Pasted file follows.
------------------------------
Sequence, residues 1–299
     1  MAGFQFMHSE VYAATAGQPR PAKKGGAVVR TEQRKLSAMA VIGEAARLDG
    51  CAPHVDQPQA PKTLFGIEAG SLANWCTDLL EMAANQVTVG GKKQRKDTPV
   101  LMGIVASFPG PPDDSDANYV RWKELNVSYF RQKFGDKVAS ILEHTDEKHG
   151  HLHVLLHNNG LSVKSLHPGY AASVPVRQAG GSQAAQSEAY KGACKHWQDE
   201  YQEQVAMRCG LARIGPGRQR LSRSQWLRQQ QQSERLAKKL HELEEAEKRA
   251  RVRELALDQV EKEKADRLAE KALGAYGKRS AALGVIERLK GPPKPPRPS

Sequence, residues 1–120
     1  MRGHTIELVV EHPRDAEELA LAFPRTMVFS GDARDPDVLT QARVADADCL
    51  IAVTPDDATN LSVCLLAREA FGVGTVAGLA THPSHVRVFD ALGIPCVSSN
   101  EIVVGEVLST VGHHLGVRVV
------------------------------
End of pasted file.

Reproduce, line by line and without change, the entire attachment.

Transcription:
Sequence, residues 1–299
     1  MAGFQFMHSE VYAATAGQPR PAKKGGAVVR TEQRKLSAMA VIGEAARLDG
    51  CAPHVDQPQA PKTLFGIEAG SLANWCTDLL EMAANQVTVG GKKQRKDTPV
   101  LMGIVASFPG PPDDSDANYV RWKELNVSYF RQKFGDKVAS ILEHTDEKHG
   151  HLHVLLHNNG LSVKSLHPGY AASVPVRQAG GSQAAQSEAY KGACKHWQDE
   201  YQEQVAMRCG LARIGPGRQR LSRSQWLRQQ QQSERLAKKL HELEEAEKRA
   251  RVRELALDQV EKEKADRLAE KALGAYGKRS AALGVIERLK GPPKPPRPS

Sequence, residues 1–120
     1  MRGHTIELVV EHPRDAEELA LAFPRTMVFS GDARDPDVLT QARVADADCL
    51  IAVTPDDATN LSVCLLAREA FGVGTVAGLA THPSHVRVFD ALGIPCVSSN
   101  EIVVGEVLST VGHHLGVRVV